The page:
Construction Union Bosses Agree To 10-Year Wage Freezes To Keep Dues Flowing To Union Contractors

Michigan is quickly becoming known as the Land of Union Mischief following last year’s passage of a state law making certain kinds of union contracts illegal.


Since Michigan passed its controversial Right-to-Work law late last year, which makes it unlawful for unions to require workers to pay union dues or fees as a condition of employment, many unions have been able to skirt the law by negotiating new long-term contracts before the new law actually took effect on March 28.

In Michigan’s unionized construction industry, construction union bosses have been scrambling to negotiate new (or extended) long-term contracts that avoid the state’s new Right-to-Work law. In several cases, these contracts extend for as many as ten years–to 2023. More shockingly, in several cases, union bosses have agree to freeze their members’ wages in exchange for continued union dues.

Union Fat Cat

For example, in Saginaw, Michigan, Laborers’ union bosses have agreed to a ten-year contract with wage freezes for union members for all ten years. While there is a minimal increase going toward the unions’ pension and benefit funds, union members will not see wage increases–however, union bosses do get to continue to collect dues from members.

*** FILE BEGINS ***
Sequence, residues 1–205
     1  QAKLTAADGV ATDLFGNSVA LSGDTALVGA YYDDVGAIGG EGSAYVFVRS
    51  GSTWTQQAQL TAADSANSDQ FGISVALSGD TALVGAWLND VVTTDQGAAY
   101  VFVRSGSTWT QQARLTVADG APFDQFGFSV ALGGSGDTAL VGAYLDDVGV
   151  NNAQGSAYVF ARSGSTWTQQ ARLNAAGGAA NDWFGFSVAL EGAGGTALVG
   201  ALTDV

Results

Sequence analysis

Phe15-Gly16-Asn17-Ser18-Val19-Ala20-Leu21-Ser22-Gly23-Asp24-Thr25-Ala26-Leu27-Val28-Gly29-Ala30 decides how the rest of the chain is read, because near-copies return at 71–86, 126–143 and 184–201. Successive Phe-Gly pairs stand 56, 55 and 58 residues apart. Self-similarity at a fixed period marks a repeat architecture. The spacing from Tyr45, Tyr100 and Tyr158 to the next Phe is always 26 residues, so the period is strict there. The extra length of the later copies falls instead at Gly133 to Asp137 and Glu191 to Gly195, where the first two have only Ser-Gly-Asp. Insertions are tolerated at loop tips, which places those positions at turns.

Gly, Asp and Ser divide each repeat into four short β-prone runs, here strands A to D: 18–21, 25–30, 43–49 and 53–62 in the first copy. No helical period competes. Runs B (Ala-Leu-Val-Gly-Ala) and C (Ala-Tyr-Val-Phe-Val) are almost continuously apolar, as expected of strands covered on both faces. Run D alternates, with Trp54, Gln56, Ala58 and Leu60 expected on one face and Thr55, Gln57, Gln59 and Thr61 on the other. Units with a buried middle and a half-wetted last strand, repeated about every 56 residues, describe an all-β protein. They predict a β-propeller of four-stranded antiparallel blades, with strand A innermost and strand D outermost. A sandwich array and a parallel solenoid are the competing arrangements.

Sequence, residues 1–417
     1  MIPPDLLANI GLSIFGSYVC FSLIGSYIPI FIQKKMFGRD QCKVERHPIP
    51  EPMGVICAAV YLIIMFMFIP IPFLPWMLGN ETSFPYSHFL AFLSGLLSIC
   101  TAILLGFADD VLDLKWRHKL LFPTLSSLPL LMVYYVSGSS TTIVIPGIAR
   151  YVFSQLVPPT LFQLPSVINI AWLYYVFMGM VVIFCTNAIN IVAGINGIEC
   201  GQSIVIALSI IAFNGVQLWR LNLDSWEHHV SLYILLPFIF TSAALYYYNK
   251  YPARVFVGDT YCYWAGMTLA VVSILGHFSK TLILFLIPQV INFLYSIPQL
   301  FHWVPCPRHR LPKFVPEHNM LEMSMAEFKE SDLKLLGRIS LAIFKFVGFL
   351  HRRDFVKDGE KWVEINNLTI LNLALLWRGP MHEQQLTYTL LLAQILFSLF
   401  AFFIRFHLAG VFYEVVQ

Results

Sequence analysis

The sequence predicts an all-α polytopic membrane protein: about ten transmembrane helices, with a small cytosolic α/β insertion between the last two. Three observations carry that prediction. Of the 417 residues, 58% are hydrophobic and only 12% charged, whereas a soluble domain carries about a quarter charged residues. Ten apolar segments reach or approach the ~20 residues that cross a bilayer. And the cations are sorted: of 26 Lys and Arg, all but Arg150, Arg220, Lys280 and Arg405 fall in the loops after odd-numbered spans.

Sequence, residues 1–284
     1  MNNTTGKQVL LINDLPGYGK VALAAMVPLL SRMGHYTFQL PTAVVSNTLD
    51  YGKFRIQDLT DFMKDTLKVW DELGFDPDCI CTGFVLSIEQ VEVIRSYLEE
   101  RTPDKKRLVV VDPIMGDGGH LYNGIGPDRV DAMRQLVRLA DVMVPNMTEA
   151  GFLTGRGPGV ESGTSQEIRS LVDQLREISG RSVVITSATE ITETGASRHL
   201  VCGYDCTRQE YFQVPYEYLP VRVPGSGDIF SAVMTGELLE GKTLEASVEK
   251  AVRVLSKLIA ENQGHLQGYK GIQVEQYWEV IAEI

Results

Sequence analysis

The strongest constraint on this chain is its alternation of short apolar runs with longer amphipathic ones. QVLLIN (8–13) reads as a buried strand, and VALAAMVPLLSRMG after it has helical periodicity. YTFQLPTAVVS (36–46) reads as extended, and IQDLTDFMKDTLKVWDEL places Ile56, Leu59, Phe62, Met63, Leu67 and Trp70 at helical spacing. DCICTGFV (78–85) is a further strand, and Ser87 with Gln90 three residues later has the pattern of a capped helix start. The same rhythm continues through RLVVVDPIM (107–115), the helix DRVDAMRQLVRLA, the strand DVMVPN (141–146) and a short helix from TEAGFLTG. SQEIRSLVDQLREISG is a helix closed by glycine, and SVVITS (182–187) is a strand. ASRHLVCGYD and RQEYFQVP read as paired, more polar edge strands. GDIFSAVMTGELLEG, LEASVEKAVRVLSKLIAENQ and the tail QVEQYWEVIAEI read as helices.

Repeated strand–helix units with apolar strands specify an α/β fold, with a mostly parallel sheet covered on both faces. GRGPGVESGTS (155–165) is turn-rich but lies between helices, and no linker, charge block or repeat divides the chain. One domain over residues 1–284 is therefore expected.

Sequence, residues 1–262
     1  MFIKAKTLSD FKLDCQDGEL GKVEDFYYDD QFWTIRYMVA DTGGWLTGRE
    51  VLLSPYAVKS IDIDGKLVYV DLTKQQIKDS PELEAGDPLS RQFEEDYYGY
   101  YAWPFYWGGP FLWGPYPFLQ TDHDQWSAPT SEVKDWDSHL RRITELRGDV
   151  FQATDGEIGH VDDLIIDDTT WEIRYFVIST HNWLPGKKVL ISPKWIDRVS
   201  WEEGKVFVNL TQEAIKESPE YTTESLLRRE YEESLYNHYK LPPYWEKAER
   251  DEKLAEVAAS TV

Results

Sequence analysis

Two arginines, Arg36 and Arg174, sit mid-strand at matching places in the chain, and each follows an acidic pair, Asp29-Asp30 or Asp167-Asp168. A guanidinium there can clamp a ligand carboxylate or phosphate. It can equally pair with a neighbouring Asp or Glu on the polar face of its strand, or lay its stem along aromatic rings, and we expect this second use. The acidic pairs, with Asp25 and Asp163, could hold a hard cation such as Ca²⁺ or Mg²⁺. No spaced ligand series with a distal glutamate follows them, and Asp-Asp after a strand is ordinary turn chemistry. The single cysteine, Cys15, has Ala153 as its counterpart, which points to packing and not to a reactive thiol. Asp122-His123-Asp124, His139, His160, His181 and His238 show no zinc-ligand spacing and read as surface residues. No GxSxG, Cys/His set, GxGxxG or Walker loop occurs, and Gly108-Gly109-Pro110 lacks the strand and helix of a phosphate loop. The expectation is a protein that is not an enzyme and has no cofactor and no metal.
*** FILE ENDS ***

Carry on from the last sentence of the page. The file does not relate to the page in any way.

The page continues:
Laborers’ Local 1098-Saginaw: A ten (10) year settlement was reached on a new CBA agreement which expires on June 30, 2023. On each CBA anniversary date, there is a one and one-half percent (1½%) increase of the previous year’s base wage only being distributed to the Pension Fund first and the Health Care Fund second. The settlement also provides for overtime language change to overtime over 10 hours per day and/or 40 hours per week paid at time-and-one-half (1½%), Monday through Friday, with Saturday paid at time and one-half when not used for a make-up day. New Market Initiative (NMI) was also adopted…. [Emphasis added.]

  • Note: A New Market Initiative (also called ‘Job Targeting‘) is a term that applies to unions giving a portion of union members’ dues (or fees) to unionized contractors to subsidize union wages and thereby lower unionized contractors’ bidding rates in order to compete with union-free contractors.

As of February, the unemployment rate in the construction industry is about twice the national average.

Although unions are notoriously uncompetitive in the construction industry and union bosses negotiating wage freezes may make some sense in a bad economy, ten years’ worth of wage freezes seems extraordinarily long.

At least is seems long until one realizes that Michigan union bosses got what they want out of the contracts–the ability to collect union dues in a Right-to-Work state for another ten years and to use a portion of those dues to subsidize union contractors.

Michigan Unionized Contractors Negotiations Update

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